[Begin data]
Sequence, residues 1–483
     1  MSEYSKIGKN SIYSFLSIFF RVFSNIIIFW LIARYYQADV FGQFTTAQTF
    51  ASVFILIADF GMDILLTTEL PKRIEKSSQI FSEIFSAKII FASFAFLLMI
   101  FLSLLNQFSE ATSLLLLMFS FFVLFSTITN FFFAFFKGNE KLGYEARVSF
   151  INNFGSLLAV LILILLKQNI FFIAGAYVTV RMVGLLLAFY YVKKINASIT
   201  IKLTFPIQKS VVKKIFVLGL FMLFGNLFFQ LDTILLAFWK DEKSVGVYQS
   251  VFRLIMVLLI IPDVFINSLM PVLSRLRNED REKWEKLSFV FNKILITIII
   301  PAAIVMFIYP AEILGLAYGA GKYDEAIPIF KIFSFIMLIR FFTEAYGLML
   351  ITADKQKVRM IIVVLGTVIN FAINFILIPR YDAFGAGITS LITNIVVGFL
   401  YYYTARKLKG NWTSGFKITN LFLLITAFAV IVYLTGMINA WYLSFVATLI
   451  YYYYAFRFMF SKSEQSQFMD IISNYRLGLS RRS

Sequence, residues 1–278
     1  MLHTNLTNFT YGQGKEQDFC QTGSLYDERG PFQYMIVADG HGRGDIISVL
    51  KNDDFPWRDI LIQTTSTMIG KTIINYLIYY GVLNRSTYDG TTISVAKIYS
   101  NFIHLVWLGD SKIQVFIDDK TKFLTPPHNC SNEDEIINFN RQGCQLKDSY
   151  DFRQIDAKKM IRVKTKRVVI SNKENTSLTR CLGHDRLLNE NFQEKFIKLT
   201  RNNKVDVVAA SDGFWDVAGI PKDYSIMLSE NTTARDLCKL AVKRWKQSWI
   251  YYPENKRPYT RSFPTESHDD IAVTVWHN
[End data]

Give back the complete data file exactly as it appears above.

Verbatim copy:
Sequence, residues 1–483
     1  MSEYSKIGKN SIYSFLSIFF RVFSNIIIFW LIARYYQADV FGQFTTAQTF
    51  ASVFILIADF GMDILLTTEL PKRIEKSSQI FSEIFSAKII FASFAFLLMI
   101  FLSLLNQFSE ATSLLLLMFS FFVLFSTITN FFFAFFKGNE KLGYEARVSF
   151  INNFGSLLAV LILILLKQNI FFIAGAYVTV RMVGLLLAFY YVKKINASIT
   201  IKLTFPIQKS VVKKIFVLGL FMLFGNLFFQ LDTILLAFWK DEKSVGVYQS
   251  VFRLIMVLLI IPDVFINSLM PVLSRLRNED REKWEKLSFV FNKILITIII
   301  PAAIVMFIYP AEILGLAYGA GKYDEAIPIF KIFSFIMLIR FFTEAYGLML
   351  ITADKQKVRM IIVVLGTVIN FAINFILIPR YDAFGAGITS LITNIVVGFL
   401  YYYTARKLKG NWTSGFKITN LFLLITAFAV IVYLTGMINA WYLSFVATLI
   451  YYYYAFRFMF SKSEQSQFMD IISNYRLGLS RRS

Sequence, residues 1–278
     1  MLHTNLTNFT YGQGKEQDFC QTGSLYDERG PFQYMIVADG HGRGDIISVL
    51  KNDDFPWRDI LIQTTSTMIG KTIINYLIYY GVLNRSTYDG TTISVAKIYS
   101  NFIHLVWLGD SKIQVFIDDK TKFLTPPHNC SNEDEIINFN RQGCQLKDSY
   151  DFRQIDAKKM IRVKTKRVVI SNKENTSLTR CLGHDRLLNE NFQEKFIKLT
   201  RNNKVDVVAA SDGFWDVAGI PKDYSIMLSE NTTARDLCKL AVKRWKQSWI
   251  YYPENKRPYT RSFPTESHDD IAVTVWHN